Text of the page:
The government has already indicated an end to Ofsted inspections for outstanding schools, along with those in general further education settings. Earlier this month it announced that maintained schools could now choose whether or not their students take the iGCSE, and said development of the academic diplomas, due to be introduced in September 2011, would stop immediately, saving around £1.77 million instantly, with further savings in future years.
Notes to editors
The diploma. There will be 14 diploma subjects available from September 2010. Each diploma subject is available at foundation (level 1), higher (level 2) and advanced (level 3). Young people wanting a smaller programme of study at level 3 can choose to take a Progression Diploma.
The diploma entitlement. The previous government’s policy was for there to be a statutory entitlement to the diploma from 2013 for young people - all 14- to 16-year-olds would have an entitlement to study a diploma line out of a choice of the first 14, and all 16- to 18-year-olds would have an entitlement out of a choice of the full 17 diplomas (this included the 3 phase 4 diplomas, which the government announced on 7 June would be stopped). Removing the entitlement means that provision of the diploma will be left to local areas to decide through balancing capacity and demand.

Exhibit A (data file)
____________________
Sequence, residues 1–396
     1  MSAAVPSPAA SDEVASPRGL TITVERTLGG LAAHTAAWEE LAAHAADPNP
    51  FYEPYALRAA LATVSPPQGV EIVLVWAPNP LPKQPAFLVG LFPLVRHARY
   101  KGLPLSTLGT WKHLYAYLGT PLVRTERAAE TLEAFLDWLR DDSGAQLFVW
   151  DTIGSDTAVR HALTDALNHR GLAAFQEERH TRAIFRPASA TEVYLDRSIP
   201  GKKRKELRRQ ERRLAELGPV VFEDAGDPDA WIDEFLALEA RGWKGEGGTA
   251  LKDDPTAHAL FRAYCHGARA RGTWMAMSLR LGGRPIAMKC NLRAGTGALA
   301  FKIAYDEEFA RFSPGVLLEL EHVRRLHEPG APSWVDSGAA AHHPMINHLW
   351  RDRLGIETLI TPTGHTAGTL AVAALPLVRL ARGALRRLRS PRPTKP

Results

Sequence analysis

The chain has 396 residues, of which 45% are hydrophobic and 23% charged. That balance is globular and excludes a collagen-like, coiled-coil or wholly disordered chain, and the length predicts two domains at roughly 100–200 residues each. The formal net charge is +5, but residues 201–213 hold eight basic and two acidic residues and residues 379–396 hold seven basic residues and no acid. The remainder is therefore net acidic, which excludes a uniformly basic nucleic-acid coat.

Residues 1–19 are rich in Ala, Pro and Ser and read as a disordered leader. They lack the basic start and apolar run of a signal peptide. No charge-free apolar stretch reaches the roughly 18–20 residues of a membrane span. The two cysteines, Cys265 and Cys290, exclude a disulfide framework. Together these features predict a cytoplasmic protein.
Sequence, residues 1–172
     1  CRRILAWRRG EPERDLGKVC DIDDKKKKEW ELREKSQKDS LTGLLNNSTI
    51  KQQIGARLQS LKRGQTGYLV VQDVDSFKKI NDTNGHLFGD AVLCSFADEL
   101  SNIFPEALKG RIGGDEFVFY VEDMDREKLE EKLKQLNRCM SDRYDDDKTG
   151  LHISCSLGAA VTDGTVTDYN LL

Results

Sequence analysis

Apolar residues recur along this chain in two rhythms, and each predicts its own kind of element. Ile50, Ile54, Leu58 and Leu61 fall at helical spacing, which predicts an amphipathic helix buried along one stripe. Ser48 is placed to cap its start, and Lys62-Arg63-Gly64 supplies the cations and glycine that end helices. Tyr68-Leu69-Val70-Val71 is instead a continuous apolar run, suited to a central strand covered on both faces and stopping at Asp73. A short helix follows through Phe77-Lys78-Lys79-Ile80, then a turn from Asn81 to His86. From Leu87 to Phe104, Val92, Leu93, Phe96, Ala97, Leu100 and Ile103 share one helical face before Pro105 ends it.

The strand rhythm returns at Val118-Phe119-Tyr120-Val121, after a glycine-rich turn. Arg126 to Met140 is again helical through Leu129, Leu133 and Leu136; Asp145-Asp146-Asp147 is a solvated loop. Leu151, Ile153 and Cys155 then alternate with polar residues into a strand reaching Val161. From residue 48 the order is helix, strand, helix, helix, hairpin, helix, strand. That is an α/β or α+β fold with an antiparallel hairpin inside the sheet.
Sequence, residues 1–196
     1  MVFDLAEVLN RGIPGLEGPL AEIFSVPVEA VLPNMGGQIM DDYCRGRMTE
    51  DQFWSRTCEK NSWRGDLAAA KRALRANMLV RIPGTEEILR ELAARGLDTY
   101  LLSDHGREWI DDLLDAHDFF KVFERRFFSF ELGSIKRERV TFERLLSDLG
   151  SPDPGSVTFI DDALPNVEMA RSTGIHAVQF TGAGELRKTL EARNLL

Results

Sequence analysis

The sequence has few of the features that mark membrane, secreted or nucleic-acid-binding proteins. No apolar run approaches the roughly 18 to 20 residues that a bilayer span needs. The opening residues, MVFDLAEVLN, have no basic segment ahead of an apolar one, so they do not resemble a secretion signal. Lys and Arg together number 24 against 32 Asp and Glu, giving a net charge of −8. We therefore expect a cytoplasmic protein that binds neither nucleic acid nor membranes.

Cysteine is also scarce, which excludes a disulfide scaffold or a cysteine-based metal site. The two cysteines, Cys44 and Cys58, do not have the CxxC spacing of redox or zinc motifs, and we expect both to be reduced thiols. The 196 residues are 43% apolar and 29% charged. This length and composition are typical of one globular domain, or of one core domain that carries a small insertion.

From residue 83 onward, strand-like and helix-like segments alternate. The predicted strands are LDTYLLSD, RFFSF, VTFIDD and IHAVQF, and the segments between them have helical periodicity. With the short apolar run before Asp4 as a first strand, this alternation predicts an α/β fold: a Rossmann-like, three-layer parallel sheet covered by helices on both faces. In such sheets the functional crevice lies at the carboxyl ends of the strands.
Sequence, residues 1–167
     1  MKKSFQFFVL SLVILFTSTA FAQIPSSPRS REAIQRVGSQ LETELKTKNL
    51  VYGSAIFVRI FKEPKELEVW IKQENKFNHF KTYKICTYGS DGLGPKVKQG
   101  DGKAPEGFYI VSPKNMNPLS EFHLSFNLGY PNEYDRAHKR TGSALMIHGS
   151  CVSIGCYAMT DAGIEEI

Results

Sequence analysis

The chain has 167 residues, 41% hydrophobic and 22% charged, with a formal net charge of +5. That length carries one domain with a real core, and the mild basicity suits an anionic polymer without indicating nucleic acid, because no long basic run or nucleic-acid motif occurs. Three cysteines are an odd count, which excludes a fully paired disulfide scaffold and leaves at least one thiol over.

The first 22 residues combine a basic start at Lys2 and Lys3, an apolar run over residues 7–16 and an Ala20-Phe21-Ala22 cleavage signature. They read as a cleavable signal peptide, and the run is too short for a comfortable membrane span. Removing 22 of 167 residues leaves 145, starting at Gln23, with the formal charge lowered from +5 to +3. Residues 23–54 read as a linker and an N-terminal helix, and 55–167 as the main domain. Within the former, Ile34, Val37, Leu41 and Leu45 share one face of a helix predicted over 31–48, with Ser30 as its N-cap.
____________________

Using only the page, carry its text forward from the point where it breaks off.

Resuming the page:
The extended diploma. The extended diploma, which was being developed by QCDA, was announced in March 2008 by the previous government and was due to be introduced in September 2011. Stopping its development will save £1.3 million.
Sixth-form colleges. According to Ofsted, 81% of sixth-form colleges are currently rated outstanding or good. Sixth-form colleges, along with general FE colleges and training providers have been required to undertake surveys of learner views as a condition of funding from the Learning and Skills Council. The government has also decided not to introduce in-year adjustments.